The idea for Harlequin and the theater came from traveling in Italy and learning about commedia dell'arte. This funny and occasionally violent theater style used stock characters like Harlequin, Pulcinella (who became the Punch in "Punch and Judy" in England), and Scaramouche (whose illustration is below).
You might not recognize this spelling, since a djinni is often called a "genie" in pop culture today. Traditionally from Arabic folklore, djinn (the plural form) are supernatural creatures and aren't captured in bottles to grant wishes except in the Aladdin story.
In the world of my Out of Abaton books, djinn are one of four elemental humanoids from Abaton. They command fire. Pinocchio meets a couple of djinn in The Wooden Prince who aren't so friendly. But don't judge them all on Al Mi'raj and Cinnabar. Most djinn are quite good. And in the old days of Abaton, they were mighty warriors, like this fellow.
In The Nine Pound Hammer, Jolie is a mermaid-like siren being hidden by Peg Leg Nel's medicine show. Having grown up with her siren sisters in the remote swamps of southern Louisiana, Jolie isn't used to being around ordinary people. She's a bit shy at first. And feisty, as Ray (the protagonist of the book) discovers the hard way when he discovers her.
Peg Leg Nel
A former Rambler who has lost his powers after losing his leg, Nel now runs a traveling show in The Nine Pound Hammer.
The book originally grew out of my intense passion for old-time America, its music, and the rich folklore of the American South. Peg Leg Nel is a root doctor, part of a tradition known as hoodoo. Not to be confused with voodoo, hoodoo is a form of folk magic that formed in the South and drew on West African, European, and Native American practices. If you've ever owned a rabbit's foot or had corn bread, black-eyed peas, and greens on New Year's Day, you've participated in hoodoo.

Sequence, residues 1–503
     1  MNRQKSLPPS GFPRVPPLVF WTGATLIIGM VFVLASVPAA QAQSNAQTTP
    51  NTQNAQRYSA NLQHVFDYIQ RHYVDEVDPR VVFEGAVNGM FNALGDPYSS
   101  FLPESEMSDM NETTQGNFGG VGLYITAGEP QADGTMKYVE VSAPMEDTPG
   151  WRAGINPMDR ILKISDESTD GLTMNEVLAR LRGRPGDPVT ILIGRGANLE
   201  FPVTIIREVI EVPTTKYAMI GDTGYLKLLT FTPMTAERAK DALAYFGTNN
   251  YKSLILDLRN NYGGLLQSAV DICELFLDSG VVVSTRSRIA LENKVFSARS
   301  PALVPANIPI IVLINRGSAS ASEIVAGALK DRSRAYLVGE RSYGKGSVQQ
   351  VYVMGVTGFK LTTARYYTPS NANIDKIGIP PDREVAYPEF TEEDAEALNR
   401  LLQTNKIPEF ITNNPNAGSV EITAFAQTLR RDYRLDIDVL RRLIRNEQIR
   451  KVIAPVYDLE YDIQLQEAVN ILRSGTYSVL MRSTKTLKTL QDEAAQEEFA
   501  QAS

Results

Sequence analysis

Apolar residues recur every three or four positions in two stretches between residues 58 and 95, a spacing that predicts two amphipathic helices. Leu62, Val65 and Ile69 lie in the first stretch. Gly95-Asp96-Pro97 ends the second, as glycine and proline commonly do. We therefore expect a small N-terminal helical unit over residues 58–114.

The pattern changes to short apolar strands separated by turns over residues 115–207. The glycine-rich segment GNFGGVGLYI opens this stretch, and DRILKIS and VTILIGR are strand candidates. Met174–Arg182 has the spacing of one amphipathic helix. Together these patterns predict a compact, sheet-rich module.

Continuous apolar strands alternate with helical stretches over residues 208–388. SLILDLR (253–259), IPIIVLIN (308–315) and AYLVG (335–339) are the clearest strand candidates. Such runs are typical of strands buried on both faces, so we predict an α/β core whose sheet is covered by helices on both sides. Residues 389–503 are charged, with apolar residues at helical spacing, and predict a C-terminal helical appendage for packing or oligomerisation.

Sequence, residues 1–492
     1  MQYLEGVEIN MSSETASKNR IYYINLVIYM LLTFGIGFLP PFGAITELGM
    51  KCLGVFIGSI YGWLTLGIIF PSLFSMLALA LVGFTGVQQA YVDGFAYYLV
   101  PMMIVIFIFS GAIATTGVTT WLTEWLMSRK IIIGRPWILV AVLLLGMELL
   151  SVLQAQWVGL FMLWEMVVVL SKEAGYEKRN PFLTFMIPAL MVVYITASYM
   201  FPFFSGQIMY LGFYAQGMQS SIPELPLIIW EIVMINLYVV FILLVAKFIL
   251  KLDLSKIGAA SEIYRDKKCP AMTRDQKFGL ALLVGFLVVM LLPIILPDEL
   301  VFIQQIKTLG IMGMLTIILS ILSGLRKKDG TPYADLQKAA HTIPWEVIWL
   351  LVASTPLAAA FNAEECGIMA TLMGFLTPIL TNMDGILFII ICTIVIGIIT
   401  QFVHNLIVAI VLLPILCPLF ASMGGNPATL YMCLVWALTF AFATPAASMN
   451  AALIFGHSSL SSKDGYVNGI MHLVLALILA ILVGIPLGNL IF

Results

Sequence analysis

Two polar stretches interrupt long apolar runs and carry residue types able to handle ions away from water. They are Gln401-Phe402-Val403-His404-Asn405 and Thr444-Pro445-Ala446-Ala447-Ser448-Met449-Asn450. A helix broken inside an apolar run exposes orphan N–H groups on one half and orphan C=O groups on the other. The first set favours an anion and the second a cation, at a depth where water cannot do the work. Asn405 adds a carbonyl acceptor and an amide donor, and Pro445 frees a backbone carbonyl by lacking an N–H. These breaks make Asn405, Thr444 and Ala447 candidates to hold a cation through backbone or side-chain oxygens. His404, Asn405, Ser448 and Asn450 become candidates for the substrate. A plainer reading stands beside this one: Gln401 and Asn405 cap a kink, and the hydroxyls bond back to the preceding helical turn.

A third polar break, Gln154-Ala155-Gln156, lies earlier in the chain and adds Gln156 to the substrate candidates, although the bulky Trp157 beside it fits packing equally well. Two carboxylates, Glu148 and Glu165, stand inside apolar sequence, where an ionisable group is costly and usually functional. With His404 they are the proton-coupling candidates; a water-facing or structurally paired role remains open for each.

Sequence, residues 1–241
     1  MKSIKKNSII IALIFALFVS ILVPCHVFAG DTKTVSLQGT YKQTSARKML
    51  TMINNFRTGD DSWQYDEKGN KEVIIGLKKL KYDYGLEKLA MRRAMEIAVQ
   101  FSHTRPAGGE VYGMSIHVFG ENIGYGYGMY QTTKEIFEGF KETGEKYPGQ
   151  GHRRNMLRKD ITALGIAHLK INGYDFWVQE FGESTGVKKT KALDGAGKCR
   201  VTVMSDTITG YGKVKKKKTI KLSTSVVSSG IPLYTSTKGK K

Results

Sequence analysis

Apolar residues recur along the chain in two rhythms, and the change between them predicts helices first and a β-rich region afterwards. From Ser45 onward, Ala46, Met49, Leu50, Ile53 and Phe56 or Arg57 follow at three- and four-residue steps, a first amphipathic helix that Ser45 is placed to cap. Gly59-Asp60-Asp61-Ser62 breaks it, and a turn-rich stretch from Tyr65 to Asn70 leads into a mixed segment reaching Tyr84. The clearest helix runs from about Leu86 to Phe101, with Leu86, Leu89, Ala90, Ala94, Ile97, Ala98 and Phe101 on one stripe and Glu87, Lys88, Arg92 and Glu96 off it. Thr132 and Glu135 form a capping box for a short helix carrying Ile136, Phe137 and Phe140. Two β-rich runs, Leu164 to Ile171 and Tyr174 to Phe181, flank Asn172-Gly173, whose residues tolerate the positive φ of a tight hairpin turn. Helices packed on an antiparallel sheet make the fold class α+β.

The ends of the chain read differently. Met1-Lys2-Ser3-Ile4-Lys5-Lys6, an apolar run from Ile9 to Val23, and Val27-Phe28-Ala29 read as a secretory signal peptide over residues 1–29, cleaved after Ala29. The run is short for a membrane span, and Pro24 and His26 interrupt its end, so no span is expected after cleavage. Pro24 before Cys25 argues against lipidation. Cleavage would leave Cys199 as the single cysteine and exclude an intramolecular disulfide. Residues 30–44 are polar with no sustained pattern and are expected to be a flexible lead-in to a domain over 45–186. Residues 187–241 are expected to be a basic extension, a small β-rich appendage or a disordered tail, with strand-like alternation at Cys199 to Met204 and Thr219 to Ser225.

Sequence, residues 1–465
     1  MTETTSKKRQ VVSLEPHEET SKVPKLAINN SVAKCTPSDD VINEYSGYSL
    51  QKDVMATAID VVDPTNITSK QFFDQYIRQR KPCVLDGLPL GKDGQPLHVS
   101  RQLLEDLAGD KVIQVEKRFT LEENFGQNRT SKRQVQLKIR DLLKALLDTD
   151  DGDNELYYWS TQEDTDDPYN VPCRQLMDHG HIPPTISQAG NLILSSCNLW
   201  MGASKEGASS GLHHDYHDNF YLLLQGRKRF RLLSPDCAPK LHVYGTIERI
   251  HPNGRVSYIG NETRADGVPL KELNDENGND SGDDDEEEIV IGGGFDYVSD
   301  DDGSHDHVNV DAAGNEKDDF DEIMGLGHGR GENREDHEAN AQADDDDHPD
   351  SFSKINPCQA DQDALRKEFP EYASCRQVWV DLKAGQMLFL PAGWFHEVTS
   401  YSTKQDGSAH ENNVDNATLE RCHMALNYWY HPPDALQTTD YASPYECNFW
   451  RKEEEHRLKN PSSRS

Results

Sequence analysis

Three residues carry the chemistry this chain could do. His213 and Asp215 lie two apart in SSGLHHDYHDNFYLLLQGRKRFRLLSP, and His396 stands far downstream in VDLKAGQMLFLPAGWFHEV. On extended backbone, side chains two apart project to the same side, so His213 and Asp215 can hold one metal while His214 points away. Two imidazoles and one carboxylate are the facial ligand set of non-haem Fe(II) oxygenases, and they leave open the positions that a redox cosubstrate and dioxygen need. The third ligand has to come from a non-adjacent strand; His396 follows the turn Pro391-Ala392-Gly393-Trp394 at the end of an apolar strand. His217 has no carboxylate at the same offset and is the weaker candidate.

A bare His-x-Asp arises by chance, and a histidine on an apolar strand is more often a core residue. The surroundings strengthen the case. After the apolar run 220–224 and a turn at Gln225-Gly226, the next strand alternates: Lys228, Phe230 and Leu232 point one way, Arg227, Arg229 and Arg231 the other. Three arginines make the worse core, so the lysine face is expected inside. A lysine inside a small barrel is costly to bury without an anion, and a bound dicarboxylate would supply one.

Eustace Buckthorn - otherwise known as Buck - is a blind sharpshooter who performs in Peg Leg Nel's traveling medicine show. Buck is a complicated character. He killed his brother as a boy (accidentally). Joined up with a band of outlaws and steamboat pirates. But eventually, he became involved in John Henry's ill-fated battle against the sinister figure known as the Gog.
Rough around the edges and searching for redemption for the darker aspects of his past, Buck is a character I would like to one day go back and write more about in future books.
The style for his art I should mention is inspired by R. Crumb and Buffalo Bill Wild West posters.
In Lord of Monsters, Lazuli's aunt Lady Sapphira is the powerful and influential ruler of the sylphs. She commands her air elementals from the floating Mist Cities in southernmost reaches of Abaton. Her sister married Abaton's immoral ruler Prester John. And after her sister's death, Sapphira became a surrogate mother to Lazuli.
Gragl and the Barnacle People
Pinocchio and the heroes are devoured by an enormous sea monster in The Wooden Prince. And this is one huge sea monster! So big, in fact, that there are people and creatures living inside its belly, including Gragl. She might look disgusting, but Pinocchio quickly sees beyond her slimy, encrusted appearance. They become fast friends.
As I mentioned above with Harlequin, the battle theater in The Wooden Prince, has some scary and oddball actors. Meet Scaramouche. Or as Queen sang, "Scaramouche! Scaramouche! Will you do the fandango?"
Fandango? My Scaramouche says no. But if Pinocchio wants to go mano y mano with him and his axe, he gives a resounding "Thunderbolt and lightning! Very, very frightening me!"
Sometimes, I just draw characters as I imagine what they are like. I'm not sure yet who she is, but I want her in a story.
Character sketch #2
Just another doodle.
By the way, all the above illustrations were done on an iPad Pro using the Procreate app. I do most of my drawing with old-fashioned pencil and paper. But when I find a doodle I like, I snap a photo of it with my iPad and then add the color digitally with Procreate.